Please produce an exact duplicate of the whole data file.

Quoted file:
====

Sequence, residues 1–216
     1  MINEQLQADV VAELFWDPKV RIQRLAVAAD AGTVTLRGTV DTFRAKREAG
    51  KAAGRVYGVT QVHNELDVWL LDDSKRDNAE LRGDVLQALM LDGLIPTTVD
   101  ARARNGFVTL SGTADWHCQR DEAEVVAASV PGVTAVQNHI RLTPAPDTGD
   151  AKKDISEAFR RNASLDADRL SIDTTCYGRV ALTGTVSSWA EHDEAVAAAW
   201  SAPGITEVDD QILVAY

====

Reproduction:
Sequence, residues 1–216
     1  MINEQLQADV VAELFWDPKV RIQRLAVAAD AGTVTLRGTV DTFRAKREAG
    51  KAAGRVYGVT QVHNELDVWL LDDSKRDNAE LRGDVLQALM LDGLIPTTVD
   101  ARARNGFVTL SGTADWHCQR DEAEVVAASV PGVTAVQNHI RLTPAPDTGD
   151  AKKDISEAFR RNASLDADRL SIDTTCYGRV ALTGTVSSWA EHDEAVAAAW
   201  SAPGITEVDD QILVAY